Specificity test

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Olga Dios


The specificity test is a requirement of the Agreement on Subsidies and Countervailing Measures (“SCM Agreement”) to determine whether a domestic subsidy is subject to the application of countervailing duties. Articles 1.2 and 2 of the SCM Agreement establish the legalcriteria for a determination of specificity.

In practice, this test is only performed on domestic actionable subsidies, since all prohibited subsidies -those which are contingent on exports or upon the use of domestic goods over imported goods- are deemed to be specific, as established by Articles 2.3 and 3.1 of the SCM Agreement.

This paper explains why the members of the WTO members arrivedat the consensus for the need to establish such a test, thus limiting the scope of application of countervailing duty laws. The first developments of the theory in domestic law in the United States, as well as at the regional level in both CUSTA and NAFTA, will be examined along with European Community Law on specificity in subsidies. Furthermore, this paper also discusses the negotiating historyof this issue from GATT 1947, to the Tokyo and Uruguay Rounds Subsidies Agreements. Finally, it presents the current state of the law as construed under the GATT and WTO jurisprudence.

Prior to address the legal consequences of the specificity requirement and the political reasons behind why it was agreed upon, it is necessary to understand the economic rationale underlying the requirement ofspecificity for the purposes of imposing countervailing duties on a domestic subsidy.

The first question that arises is: what constitutes a subsidy? From the purely economic perspective, there is no unique answer to that. It is used synonymously with many types of government action favouring private actors, such as direct transfers of money, providing goods or services at below market prices,or, more broadly, a group of governmental policies favourably affecting the competitive position of private entities[1].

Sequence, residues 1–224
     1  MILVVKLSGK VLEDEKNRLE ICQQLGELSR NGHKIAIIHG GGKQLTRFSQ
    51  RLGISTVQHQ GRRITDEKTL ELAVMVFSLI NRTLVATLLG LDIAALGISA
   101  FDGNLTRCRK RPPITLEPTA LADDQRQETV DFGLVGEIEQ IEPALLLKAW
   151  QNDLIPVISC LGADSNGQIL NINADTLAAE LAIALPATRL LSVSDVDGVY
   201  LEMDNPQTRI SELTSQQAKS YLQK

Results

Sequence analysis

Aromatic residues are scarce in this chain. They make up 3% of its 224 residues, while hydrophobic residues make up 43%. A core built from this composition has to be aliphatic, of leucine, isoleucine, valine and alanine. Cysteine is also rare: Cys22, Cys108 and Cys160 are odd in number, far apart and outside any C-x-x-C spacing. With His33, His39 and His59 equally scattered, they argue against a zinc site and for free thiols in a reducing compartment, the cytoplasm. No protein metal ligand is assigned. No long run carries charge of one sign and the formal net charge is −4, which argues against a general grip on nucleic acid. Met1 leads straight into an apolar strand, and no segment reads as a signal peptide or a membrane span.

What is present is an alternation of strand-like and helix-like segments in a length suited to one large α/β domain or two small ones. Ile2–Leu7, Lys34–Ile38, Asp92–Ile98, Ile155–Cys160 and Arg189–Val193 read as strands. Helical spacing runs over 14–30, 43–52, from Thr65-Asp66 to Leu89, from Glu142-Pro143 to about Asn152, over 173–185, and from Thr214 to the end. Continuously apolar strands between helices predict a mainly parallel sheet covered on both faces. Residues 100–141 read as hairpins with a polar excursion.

Why are subsidies of concern to the multilateral trading system? According to Sykes[2], the answer stems from three main reasons:

- Subsidies can undermine market access commitments of importing nations;
- They can divert customers from one exporting nation to another;and,
- Many observers blame subsidies for “tilting the playing field” in a way that is unfair or objectionable, independently of whether or not they frustrate the market access expectations associated with GATT/WTO commitments, distorting comparative advantages and producing a less efficient global division of labour, leading to lower economic welfare.

However, not every time one of thesemeasures is enacted it has a negative effect on the overall trading system. Therefore, an issue that is unresolved is under which circumstances should a subsidy be actionable and subject to the imposition of countervailing duties?

Among the various views on this matter, the one that apparently prevailed in the mind of the drafters of the SCM Agreement was the assumption that any subsidy conferredby programs of general application is uniform across industries. This means that subsidies affect all industries equally and do not confer any net advantage. They are therefore counteracted by an offsetting movement in exchange rates[3]. On the contrary, programs that have a narrow applicability and target particular industries might be assumed to confer a relative advantage.

Specific subsidieshave an impact on the costs of production of firms having selectively received this subsidy. This leads to an artificial overproduction of subsidized products as compared to what these firms would have chosen to produce, had the price of subsidized products been able to reflect their real cost of production[4]. Had the subsidy been granted generally to all industries, the beneficial effect of...
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